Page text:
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Spend a quiet weekend in Norway

Gwen Fowler Gwen Fowler

I took a trip to Norway recently. Of course, I mean Norway, S.C., and if you're not familiar with it, it's right down the road from Denmark. The two small towns are south of Columbia and west of Orangeburg.

My trip to Norway was to enjoy a weekend at Cottontop, a family farm that's been turned into a bed and breakfast, as well as a venue for weddings and other events. Karen Dyches Brown and Richard Brown were our gracious hosts for the weekend in the home her great-grandfather, Henry Boncil Dyches, built in 1905.

Karen's grandfather and father grew up in the house, and she grew up visiting her grandparents there, especially for big Sunday dinners. The Browns got to know each other growing up when she was visiting her grandparents; he lived on a nearby farm.

One of Karen's cousins, Jimmy Wilson of Savannah, Ga., bought the family homeplace in 1996, and he and his wife, Barbie, renovated it to use as a country home. The Wilsons also had another old farmhouse moved to the site and connected it to the original house. Now, with six bedrooms, it is large enough for weekend gatherings in the country.

Because the Browns live near Cottontop, they have started opening the home as a bed and breakfast and for special events. Several weddings have been on the property as well as a prom. A few weeks ago, an Easter sunrise setting was held at one of the nearby ponds.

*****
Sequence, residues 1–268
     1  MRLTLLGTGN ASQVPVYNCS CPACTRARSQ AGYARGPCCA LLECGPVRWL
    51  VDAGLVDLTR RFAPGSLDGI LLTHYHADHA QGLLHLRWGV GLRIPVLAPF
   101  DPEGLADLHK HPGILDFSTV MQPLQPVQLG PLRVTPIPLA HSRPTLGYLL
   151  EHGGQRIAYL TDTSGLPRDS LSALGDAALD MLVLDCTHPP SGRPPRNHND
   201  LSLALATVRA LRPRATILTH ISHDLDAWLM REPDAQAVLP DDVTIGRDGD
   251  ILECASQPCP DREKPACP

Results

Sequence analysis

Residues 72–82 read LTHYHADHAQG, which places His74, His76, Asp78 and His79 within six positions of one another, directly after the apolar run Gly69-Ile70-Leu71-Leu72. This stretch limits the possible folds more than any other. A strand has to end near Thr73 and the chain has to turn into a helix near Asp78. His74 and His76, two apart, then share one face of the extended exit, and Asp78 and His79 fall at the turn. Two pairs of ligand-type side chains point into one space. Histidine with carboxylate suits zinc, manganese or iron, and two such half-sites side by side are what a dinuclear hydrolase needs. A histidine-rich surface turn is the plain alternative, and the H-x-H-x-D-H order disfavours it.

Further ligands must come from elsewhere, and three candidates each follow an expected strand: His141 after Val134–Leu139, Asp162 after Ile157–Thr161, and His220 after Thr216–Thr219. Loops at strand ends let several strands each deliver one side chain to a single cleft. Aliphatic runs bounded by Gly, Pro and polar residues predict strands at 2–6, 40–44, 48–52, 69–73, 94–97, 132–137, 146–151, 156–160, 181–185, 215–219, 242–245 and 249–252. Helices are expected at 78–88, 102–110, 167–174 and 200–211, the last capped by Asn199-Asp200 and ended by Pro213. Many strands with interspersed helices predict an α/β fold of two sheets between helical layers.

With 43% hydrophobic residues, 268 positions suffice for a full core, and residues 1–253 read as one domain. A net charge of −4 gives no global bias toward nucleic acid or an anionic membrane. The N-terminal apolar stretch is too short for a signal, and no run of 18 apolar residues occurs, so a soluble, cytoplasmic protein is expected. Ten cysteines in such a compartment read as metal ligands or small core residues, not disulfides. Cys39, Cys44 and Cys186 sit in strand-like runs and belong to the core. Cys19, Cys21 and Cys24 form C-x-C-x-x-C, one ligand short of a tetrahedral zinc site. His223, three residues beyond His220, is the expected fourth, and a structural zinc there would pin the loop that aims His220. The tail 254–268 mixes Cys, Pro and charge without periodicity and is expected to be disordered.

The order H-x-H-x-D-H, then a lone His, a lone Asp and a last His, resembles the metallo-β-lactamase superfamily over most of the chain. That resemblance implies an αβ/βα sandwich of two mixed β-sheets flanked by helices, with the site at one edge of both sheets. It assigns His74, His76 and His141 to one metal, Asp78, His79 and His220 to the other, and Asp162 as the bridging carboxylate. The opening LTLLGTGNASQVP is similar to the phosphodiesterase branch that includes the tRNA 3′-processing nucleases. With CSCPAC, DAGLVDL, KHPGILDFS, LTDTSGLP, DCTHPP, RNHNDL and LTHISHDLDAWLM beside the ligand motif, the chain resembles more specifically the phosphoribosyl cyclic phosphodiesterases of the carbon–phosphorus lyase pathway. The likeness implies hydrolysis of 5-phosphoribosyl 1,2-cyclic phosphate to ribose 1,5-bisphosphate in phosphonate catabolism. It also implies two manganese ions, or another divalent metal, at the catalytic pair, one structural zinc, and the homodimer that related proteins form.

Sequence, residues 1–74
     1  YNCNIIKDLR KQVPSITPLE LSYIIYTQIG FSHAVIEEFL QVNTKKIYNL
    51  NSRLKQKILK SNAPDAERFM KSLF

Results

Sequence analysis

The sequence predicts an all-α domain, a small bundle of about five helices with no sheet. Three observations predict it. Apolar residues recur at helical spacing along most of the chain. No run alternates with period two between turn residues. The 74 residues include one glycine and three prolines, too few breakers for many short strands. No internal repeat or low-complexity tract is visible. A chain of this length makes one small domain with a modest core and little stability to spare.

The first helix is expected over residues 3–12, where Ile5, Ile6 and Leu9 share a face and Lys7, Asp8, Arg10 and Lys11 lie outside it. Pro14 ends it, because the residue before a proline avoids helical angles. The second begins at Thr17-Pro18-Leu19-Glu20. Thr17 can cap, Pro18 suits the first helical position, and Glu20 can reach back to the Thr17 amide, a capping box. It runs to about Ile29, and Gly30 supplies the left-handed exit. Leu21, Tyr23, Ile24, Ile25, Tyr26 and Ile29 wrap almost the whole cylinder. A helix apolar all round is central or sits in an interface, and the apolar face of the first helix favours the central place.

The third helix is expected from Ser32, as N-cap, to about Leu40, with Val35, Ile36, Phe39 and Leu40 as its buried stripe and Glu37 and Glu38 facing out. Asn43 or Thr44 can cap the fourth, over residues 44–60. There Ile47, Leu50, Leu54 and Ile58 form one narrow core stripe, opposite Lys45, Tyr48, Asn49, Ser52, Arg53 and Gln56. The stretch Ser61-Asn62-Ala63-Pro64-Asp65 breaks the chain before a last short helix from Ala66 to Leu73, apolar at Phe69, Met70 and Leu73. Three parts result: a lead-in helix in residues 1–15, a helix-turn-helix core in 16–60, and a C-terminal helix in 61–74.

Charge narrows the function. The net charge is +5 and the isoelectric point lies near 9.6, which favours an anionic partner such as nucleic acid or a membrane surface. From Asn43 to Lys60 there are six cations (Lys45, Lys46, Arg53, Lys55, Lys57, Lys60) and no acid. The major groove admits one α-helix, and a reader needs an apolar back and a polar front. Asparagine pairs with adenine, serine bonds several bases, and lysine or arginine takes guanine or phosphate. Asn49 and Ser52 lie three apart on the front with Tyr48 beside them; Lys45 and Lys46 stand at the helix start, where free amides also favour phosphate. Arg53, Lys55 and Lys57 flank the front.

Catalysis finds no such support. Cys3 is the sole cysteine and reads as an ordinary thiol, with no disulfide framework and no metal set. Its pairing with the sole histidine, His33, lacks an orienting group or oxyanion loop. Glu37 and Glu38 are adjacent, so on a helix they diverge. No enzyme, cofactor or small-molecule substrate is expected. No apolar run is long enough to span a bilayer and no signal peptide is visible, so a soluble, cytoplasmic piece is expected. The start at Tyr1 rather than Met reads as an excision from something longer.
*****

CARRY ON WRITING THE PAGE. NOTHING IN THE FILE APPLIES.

Cottontop would be a perfect spot for a weekend when you need some time in a tranquil, relaxing setting. All you can see are cotton fields and muscadine vineyards. Porches that curl around the house have perfect seating areas to curl up with a good book.

Constant rain on the weekend we visited meant we didn't get to take advantage of those porches, but there are also lots of cozy spots inside.

The Wilsons did an amazing job of decorating the home. There's a billiard parlor and a sitting room with plenty of comfy seating, a beautiful handcrafted bar. Throughout both rooms are stuffed wildlife on the walls and skin rugs.

The six bedrooms are comfortably furnished, and four have full baths. The room we stayed in, King Cotton, has a large bathroom with a Jacuzzi tub. That bathroom was the bedroom of Karen's father when he was a boy.

A continental breakfast is served, but it so much more than the sweet roll and jam that term might make you think of. We were served a feast that included freshly baked sticky buns, yogurt and granola, an overflowing bowl of all types of fruits, fruit bread and jam, juices and coffee.

People who stay can also make arrangements for other meals, and we enjoyed a feast on Saturday night prepared by Richard Brown. Our meal included marinated, grilled venison tenderloin, fried gator bites served with a tangy remoulade sauce, blackened tuna, salmon and grilled vegetables.

Consider Cottontop when you need a place to unwind and enjoy country life.

Gwen Fowler
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